Coerce the NPCs and take them hostage
The game is viewed from the third person perspective and the control of the character and other NPCs is extremely responsive. That's right, as well as controlling Mr.Pink you can also coerce other characters and move them with your right thumbstick! Reservoir Dogs actually rewards you for non-violence and the intuitive threat system allows you to take hostages to move through the level and manipulate them in order to get past those troublesome coppers. As a reward you'll receive a higher level of professionalism in the end of game stats and fill up your signature move metre at a faster rate. Hostage taking works like this. Point your gun at an NPC and press the 'Y' button; this will alert them that you're waving a gun in their direction. You can then move them with the right thumb stick into position and press 'Y' to position them up against a wall or train carriage where they'll immediately go into the suppressed position. This is called 'coercion' and throughout the level we experienced no problems in moving and coercing one character to the next both smoothly and rapidly.
'Coercion' becomes more complicated when you're facing the police rather than an unarmed member of the public. You'll have two ways to deal with this, either slaughter them in cold blood, or grab an unarmed hostage to use them as a shield. From this point you can then manoeuvre through the whole level with one hostage. The police don't give up that easily though, so you'll need to think of something else. Of course, it's obvious when you think about it. By pistol whipping and physically abusing your hostage the police will take more notice and disarm. This can be achieved by pressing the 'B' button, but you'll have to watch his health meter in case you totally knock him out and find yourself withough a shield.
Once you have a secure hostage and have used him to manipulate the police, you can then 'coerce' the police into a position away from their guns and suppress them up against a wall where they are out of harms way. Sound complicated? It's not. It literally took us about 10 minutes of gameplay before we were switching between police officers and moving them into position. You can even lock police in train carriages or guard huts by simply moving them into position and pressing the relevant button to make then open or close a door. As mentioned earlier, for every person that you successfully coerce, your signature move meter fills up.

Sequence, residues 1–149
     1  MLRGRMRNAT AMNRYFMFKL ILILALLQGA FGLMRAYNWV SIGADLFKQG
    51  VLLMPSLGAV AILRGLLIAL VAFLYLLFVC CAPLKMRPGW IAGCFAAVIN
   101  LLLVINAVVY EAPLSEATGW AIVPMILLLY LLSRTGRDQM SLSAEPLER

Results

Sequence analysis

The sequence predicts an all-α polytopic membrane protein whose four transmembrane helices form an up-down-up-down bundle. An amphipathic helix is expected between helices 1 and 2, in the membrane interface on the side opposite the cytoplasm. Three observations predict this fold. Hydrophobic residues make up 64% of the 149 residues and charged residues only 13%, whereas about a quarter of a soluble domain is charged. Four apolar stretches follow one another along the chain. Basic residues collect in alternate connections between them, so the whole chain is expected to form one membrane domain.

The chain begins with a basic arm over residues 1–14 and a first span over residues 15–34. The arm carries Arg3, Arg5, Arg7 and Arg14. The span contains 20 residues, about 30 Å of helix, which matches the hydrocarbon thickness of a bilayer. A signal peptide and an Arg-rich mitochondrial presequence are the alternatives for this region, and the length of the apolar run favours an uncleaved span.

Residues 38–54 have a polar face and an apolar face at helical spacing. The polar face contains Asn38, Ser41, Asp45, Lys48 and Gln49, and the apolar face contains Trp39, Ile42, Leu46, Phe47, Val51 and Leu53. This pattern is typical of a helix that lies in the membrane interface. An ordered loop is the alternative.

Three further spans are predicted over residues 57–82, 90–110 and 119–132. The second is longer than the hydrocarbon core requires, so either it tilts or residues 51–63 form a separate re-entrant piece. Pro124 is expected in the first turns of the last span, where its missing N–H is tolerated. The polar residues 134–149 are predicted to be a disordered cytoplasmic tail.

The signature move was definitely one of our highlights of Reservoir Dogs. It allows you to suppress multiple enemies by unleashing a vicious attack on your hostage. Each character in the game has a different signature move that results in a short cut-scene which shows you taking out your anger on the hostage. There was hardly any blood and it wasn't half as violent as we thought it would be, but it's a crucial method of suppressing your enemy if you become overwhelmed.
It's not necessary to move through the level coercing and suppressing anything that comes across your path. You can choose to plough through all guns blazing, but it's far more difficult than it sounds, especially when the S.W.A.T team land with around a dozen enforcers.
The linear nature of the level means that you don't need a map and you'll never get lost and the A.I react remarkably well to each situation. For example, turn your back on an unarmed guard and he'll go sprinting off to raise the alarm or head for the nearest weapon that may have been dropped.
Graphically, the level we played was fairly bland. Character's animated well but there was nothing that blew us away and a brief look at the screenshots in this preview demonstrates some of the blocky graphics, althought the outside environments do look like they've been improved and we were assured that the build we played wasn't the final one. The audio on the other hand is a whole other ball game.
Reservoir Dogs features the full sound track from the film and the voice of Michael Madson as Mr.Blonde. The script and the voice acting are superb and humorous, as well as being down-right filthy. If you're a fan of the film it's worth buying it for this fact alone.
We're not totally convinced about Reservoir Dogs. We like the signature moves and coercion is a fun idea but it became far too repetitive. Having five guards in front of you and having to go through the same routine over and over again was a chore, even after just one level. We know there's a lot more to Reservoir Dogs, such as the driving missions that were mentioned, but until we actually play them we're remaining sceptical that the game will be anything but average. The fact of the matter is Reservoir Dogs will sell well no matter what we say.